Story Source:

The above story is based on materials provided by Elsevier. Note: Materials may be edited for content and length.


Journal Reference:

  1. Martijn Figee, Pelle de Koning, Sanne Klaassen, Nienke Vulink, Mariska Mantione, Pepijn van den Munckhof, Richard Schuurman, Guido van Wingen, Thιrθse van Amelsvoort, Jan Booij, Damiaan Denys. Deep Brain Stimulation Induces Striatal Dopamine Release in Obsessive-Compulsive Disorder. Biological Psychiatry, 2014; 75 (8): 647 DOI: 10.1016/j.biopsych.2013.06.021

Cite This Page:

Elsevier. "Deep brain stimulation for obsessive-compulsive disorder releases dopamine in brain." ScienceDaily. ScienceDaily, 30 April 2014. <www.sciencedaily.com/releases/2014/04/140430082902.htm>.
Elsevier. (2014, April 30). Deep brain stimulation for obsessive-compulsive disorder releases dopamine in brain. ScienceDaily. Retrieved September 15, 2014 from www.sciencedaily.com/releases/2014/04/140430082902.htm
Elsevier. "Deep brain stimulation for obsessive-compulsive disorder releases dopamine in brain." ScienceDaily. www.sciencedaily.com/releases/2014/04/140430082902.htm (accessed September 15, 2014).

Share This



More Mind & Brain News

Monday, September 15, 2014

Featured Research

from universities, journals, and other organizations


Featured Videos

from AP, Reuters, AFP, and other news services

Shocker: Journalists Are Utterly Addicted To Coffee

Shocker: Journalists Are Utterly Addicted To Coffee

Newsy (Sep. 13, 2014) — A U.K. survey found that journalists consumed the most amount of coffee, but that's only the tip of the coffee-related statistics iceberg. Video provided by Newsy
Powered by NewsLook.com
'Magic Mushrooms' Could Help Smokers Quit

'Magic Mushrooms' Could Help Smokers Quit

Newsy (Sep. 11, 2014) — In a small study, researchers found that the majority of long-time smokers quit after taking psilocybin pills and undergoing therapy sessions. Video provided by Newsy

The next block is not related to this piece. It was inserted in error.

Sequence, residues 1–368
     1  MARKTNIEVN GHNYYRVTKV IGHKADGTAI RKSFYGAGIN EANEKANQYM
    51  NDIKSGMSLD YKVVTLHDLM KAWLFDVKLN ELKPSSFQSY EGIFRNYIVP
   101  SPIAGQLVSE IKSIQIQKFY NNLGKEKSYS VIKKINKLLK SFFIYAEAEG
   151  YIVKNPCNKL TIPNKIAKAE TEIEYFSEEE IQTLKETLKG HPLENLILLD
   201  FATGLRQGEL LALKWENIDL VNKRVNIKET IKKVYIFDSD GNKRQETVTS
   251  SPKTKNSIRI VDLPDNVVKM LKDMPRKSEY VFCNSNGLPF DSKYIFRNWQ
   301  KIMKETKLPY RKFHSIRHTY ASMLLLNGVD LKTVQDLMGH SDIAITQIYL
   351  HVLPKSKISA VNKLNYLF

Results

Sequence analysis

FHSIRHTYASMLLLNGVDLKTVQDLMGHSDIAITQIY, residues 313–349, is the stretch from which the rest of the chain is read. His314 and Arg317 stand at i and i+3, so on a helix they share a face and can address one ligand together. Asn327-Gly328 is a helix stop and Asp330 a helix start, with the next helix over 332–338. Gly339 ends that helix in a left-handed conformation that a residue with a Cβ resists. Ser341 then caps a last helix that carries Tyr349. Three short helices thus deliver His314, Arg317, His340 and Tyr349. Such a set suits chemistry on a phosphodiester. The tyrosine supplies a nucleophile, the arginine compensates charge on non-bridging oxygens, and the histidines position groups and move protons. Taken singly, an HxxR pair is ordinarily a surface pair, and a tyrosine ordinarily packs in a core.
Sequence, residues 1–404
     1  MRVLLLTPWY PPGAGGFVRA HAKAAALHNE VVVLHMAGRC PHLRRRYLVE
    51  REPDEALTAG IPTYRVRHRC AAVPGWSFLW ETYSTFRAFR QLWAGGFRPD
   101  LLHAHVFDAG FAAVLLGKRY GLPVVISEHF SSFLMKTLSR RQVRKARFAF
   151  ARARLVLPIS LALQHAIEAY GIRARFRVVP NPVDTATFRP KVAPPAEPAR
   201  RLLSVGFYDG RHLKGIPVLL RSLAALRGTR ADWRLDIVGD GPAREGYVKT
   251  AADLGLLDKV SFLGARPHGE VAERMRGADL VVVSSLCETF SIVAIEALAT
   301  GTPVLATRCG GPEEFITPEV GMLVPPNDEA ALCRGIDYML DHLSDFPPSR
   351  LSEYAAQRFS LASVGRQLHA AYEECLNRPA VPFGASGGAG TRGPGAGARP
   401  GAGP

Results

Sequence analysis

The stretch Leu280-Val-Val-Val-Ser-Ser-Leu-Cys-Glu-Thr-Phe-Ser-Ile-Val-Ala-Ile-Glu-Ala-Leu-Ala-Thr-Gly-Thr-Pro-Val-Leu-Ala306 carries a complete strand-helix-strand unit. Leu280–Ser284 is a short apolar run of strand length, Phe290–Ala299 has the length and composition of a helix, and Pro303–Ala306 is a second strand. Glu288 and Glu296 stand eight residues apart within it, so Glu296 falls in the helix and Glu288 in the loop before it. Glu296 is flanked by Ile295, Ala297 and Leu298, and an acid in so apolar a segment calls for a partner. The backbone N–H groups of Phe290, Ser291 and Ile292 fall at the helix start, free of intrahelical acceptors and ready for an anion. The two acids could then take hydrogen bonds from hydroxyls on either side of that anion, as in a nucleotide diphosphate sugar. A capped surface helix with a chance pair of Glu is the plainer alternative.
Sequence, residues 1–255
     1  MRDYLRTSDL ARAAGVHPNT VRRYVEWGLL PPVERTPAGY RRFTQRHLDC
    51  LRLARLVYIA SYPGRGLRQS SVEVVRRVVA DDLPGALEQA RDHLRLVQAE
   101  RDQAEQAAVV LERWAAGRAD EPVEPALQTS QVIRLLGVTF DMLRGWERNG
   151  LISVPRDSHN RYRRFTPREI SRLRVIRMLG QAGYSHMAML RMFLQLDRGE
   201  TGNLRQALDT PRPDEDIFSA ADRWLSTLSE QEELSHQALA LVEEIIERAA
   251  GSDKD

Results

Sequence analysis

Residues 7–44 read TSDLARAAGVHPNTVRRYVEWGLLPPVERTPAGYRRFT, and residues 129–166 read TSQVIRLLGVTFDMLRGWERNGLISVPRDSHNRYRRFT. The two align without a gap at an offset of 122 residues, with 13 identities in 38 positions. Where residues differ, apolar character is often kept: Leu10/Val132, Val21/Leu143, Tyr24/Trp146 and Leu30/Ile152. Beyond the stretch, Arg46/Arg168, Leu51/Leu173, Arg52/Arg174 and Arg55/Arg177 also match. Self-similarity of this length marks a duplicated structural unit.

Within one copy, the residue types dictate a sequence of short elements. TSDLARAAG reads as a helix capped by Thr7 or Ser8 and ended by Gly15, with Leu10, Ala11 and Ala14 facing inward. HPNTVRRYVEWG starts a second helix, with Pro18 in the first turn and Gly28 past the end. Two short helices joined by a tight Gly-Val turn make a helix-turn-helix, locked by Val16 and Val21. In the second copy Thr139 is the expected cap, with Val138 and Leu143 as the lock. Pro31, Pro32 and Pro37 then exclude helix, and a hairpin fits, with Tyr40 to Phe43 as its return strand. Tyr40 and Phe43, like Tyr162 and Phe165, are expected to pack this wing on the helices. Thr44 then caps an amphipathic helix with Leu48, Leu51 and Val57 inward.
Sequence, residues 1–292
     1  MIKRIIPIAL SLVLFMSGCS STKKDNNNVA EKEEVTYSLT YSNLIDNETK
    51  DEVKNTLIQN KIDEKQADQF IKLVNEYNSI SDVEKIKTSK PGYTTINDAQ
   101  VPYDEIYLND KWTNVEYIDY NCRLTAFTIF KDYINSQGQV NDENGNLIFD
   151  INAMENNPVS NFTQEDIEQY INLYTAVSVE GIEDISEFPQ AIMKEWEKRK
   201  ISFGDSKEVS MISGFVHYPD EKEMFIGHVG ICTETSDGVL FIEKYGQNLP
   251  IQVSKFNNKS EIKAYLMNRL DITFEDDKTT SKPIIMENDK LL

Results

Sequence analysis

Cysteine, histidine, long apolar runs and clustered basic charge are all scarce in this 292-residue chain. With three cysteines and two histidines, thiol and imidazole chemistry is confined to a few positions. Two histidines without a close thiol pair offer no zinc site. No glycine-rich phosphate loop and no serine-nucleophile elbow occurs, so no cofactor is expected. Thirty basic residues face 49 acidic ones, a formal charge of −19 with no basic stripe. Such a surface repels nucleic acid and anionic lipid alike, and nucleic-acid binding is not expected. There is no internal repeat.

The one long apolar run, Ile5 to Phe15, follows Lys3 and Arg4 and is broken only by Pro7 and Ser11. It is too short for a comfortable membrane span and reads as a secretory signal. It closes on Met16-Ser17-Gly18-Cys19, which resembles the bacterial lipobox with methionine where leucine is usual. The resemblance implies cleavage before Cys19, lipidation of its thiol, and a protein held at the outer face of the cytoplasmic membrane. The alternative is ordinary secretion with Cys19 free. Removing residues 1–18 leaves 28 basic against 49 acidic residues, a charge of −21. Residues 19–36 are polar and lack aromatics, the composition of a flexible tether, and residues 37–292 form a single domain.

Powered by NewsLook.com
'Fat Shaming' Might Actually Cause Weight Gain

'Fat Shaming' Might Actually Cause Weight Gain

Newsy (Sep. 11, 2014) — A study for University College London suggests obese people who are discriminated against gain more weight than those who are not. Video provided by Newsy
Powered by NewsLook.com
Common Sleeping, Anxiety Pills Linked To Alzheimer's

Common Sleeping, Anxiety Pills Linked To Alzheimer's

Newsy (Sep. 10, 2014) — Researchers found commonly prescribed sleeping and anxiety pills such as Xanax and Valium could lead to an increased risk for Alzheimer's disease. Video provided by Newsy
Powered by NewsLook.com

Search ScienceDaily

Number of stories in archives: 140,361

Find with keyword(s):
 
Enter a keyword or phrase to search ScienceDaily for related topics and research stories.

Save/Print:
Share:  

Breaking News:
from the past week

In Other News

... from NewsDaily.com

Science News

Health News

Environment News

    Technology News



    Save/Print:
    Share:  

    Free Subscriptions


    Get the latest science news with ScienceDaily's free email newsletters, updated daily and weekly. Or view hourly updated newsfeeds in your RSS reader:

    Get Social & Mobile


    Keep up to date with the latest news from ScienceDaily via social networks and mobile apps:

    Have Feedback?


    Tell us what you think of ScienceDaily -- we welcome both positive and negative comments. Have any problems using the site? Questions?
    Mobile iPhone Android Web
    Follow Facebook Twitter Google+
    Subscribe RSS Feeds Email Newsletters
    Latest Headlines Health & Medicine Mind & Brain Space & Time Matter & Energy Computers & Math Plants & Animals Earth & Climate Fossils & Ruins